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What is contested vs. uncontested divorce?

If you are facing the unfortunate prospect of divorcing from your spouse, one daunting reality of divorce is negotiating the legalities of separating not just your relationship, but your assets, lives, and parenting responsibilities. Part of this involves filing appropriate papers and taking your case before Massachusetts courts, but did you know that before you do that you must first determine the type of divorce you will file for?

A number of factors impact the type of divorce you will file, but one of the first determinations to make is whether your divorce is contested or uncontested. According to, a contested divorce involves one party in the divorce disagreeing with the divorce terms or with the divorce itself. An uncontested divorce means that both parties involved agree to the divorce and are willingly filing for legal separation.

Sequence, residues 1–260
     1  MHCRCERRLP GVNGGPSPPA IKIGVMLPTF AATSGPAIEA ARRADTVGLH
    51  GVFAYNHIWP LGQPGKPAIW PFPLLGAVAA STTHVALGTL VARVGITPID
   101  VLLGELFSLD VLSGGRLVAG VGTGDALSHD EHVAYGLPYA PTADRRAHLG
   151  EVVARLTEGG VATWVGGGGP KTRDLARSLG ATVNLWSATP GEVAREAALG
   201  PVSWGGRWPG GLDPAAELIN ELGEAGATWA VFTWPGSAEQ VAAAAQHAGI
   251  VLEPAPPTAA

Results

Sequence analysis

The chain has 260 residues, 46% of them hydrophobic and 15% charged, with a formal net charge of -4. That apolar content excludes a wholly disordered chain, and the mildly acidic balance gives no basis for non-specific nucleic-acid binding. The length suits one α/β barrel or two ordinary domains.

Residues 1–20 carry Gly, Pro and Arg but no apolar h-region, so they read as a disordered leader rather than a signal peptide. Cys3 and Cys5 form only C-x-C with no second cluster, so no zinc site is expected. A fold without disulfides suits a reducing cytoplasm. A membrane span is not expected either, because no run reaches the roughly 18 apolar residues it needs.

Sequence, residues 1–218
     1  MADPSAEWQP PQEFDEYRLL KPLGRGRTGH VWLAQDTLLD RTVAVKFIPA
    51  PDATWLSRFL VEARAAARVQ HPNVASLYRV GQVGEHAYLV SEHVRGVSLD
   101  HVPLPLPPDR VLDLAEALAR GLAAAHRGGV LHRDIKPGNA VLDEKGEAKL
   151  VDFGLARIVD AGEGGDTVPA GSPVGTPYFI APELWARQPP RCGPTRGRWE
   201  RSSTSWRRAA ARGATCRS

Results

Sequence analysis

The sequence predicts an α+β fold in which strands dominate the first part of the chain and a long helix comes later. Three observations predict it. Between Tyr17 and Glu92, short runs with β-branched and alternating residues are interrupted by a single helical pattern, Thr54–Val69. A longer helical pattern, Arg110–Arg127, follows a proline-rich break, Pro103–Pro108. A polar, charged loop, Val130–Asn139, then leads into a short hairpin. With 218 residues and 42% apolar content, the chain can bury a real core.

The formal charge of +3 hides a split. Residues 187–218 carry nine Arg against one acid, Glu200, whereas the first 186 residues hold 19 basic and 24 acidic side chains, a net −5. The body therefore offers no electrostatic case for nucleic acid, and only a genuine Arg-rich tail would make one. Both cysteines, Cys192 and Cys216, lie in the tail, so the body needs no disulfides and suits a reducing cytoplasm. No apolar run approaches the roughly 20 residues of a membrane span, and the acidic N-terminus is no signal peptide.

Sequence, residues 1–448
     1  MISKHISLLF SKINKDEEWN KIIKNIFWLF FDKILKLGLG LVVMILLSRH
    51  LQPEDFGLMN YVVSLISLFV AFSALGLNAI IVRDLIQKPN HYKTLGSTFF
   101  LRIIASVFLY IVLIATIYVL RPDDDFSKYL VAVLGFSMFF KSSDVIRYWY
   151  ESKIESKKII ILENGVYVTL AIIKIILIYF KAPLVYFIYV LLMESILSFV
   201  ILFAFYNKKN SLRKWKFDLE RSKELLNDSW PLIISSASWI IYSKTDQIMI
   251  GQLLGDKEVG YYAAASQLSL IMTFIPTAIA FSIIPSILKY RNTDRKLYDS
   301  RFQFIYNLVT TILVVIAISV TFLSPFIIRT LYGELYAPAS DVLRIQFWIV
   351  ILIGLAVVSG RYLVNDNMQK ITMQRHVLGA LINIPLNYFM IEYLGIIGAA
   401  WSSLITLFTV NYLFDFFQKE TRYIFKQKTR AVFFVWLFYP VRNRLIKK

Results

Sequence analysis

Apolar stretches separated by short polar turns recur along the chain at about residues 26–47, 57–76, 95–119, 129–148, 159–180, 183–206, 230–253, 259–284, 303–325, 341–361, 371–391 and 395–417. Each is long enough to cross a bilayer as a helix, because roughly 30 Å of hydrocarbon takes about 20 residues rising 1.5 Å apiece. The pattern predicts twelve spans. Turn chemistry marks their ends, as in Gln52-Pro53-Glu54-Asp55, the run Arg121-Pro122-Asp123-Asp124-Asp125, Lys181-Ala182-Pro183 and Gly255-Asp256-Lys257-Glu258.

Uncontested divorces are among the simplest to file as long as both parties remain amicable and agree not just on the divorce itself, but on the terms of settlements, custody, and legal division of assets. With contested divorces, you may face more legal challenges if you or your partner either does not agree to the divorce or does not agree to the divorce terms and conditions, particularly if you or your partner refuse to sign the divorce papers. This can often happen in cases where one party believes the other to be at fault in ending the marriage.

This is an informational and educational blog that should not be used as legal advice or counsel.

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